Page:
(The Remnants) Former boxing champion turned senator, Manny Pacquiao says he will seek corruption charges against some of his former political allies within the Duterte government if he wins the Philippine presidential election next year.
Speaking to CNN in an interview on November 11, the presidential candidate said he planned to investigate some members of President Rodrigo Duterte’s outgoing administration.
“All those corrupt officials should be jailed,” he said. “That’s the only way that we can have economic growth in our country, because that’s the cancer of this country, the hindrance of development.”
Pacquiao hopes to succeed Duterte when the Philippines goes to the polls on May 9, 2022, with official campaigning not scheduled to start until February.
But the race is already heating up.
One of the frontrunners is Ferdinand “Bongbong” Marcos Jr. — the 64-year-old controversial son and namesake of the late dictator accused of stealing billions from the country during a two-and-a-half-decade reign during which thousands of people were imprisoned and tortured.
Pacquiao’s agenda includes trying to recoup some of the “stolen wealth” from the Marcos family, who were exiled for more than five years following a 1986 revolution.
“I am not scared,” Pacquiao said. “This is my fight to give development to our country, to jail those who are continuously stealing the Philippines of its wealth. I want them jailed.”
A wide open field
Weeks of speculation ended on Tuesday when Marcos Jr. and Duterte’s eldest daughter, Sara Duterte-Carpio, confirmed they will be running mates in the election.
Duterte-Carpio, 43, will stand for vice president — elected separately from the President — on the same ticket as Marcos Jr., cementing an alliance between the two powerful families.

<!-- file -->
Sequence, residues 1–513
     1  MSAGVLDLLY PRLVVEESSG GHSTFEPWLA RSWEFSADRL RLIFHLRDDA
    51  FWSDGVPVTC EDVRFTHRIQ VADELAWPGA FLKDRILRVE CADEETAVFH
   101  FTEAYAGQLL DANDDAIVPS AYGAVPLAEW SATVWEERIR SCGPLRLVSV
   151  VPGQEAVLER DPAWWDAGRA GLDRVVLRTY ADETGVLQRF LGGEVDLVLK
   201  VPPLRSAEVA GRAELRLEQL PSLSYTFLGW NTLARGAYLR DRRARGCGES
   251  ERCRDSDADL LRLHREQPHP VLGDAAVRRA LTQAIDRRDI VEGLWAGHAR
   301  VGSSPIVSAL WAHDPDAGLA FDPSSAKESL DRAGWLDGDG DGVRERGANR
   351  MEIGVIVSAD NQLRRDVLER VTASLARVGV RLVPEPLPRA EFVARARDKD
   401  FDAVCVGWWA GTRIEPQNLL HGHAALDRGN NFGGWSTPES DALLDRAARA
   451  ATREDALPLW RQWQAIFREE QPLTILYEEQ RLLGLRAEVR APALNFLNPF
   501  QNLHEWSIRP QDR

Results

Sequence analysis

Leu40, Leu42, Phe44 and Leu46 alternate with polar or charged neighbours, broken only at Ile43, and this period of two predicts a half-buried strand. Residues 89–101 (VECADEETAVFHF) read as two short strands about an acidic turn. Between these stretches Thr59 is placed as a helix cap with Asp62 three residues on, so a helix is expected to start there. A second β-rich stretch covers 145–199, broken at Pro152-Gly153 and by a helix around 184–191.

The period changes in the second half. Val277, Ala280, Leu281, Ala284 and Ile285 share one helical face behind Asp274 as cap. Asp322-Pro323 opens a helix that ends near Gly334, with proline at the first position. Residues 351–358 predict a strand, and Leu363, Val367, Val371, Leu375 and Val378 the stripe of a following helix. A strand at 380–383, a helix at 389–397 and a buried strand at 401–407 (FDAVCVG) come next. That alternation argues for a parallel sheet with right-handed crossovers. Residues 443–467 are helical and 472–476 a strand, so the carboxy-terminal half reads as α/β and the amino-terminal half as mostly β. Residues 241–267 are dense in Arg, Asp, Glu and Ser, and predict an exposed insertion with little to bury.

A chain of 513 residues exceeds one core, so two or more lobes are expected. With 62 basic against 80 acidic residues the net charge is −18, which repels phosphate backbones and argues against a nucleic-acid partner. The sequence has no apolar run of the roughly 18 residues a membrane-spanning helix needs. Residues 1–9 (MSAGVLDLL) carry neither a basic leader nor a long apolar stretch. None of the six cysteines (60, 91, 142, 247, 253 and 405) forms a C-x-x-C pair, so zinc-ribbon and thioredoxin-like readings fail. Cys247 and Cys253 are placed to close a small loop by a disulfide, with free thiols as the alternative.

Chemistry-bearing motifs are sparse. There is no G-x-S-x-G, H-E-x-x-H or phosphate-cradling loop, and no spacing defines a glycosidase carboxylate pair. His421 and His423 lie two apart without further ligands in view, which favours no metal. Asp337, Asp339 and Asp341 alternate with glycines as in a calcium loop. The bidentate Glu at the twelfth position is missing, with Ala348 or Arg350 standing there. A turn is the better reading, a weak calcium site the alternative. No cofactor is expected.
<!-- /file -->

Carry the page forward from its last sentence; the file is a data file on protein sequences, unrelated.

Among the other main candidates for the top job are Duterte’s longtime aide, Sen. Christopher “Bong” Go; incumbent vice president and Duterte critic Leni Robredo; and Manila Mayor Isko Moreno, a former actor.
According to Richard Heydarian, associate professor in politics at Polytechnic University of the Philippines, dynasties and celebrities have dominated the country’s politics since the fall of the Marcos dictatorship.
“For a while, the celebrities presented themselves as kind of a self-made alternatives to political dynasties,” he said. “Nonetheless, just because you’re a celebrity doesn’t mean you’re going to win.”
But Pacquiao has a fighting chance.
The wide field of candidates, combined with the Philippines’ first-past-the-post electoral system could work to the former boxer’s advantage, Heydarian said.
“Let’s not forget, in the Philippines, we have no run-off elections,” he said. “All you have to do to become the President is to win more votes than everyone else.”
In 2016, Duterte did just that — winning the presidency with just over 39% of the vote.
Despite criticism that he prioritized his boxing career over his congressional role, Pacquiao’s political star has risen over the past five years under Duterte’s rule.
But relations between the two men have faltered in recent months.
Signs of a rift in the ruling PDP-Laban party began in March when the former boxer criticized Duterte’s stance on a maritime dispute with China and accused government agencies of corruption.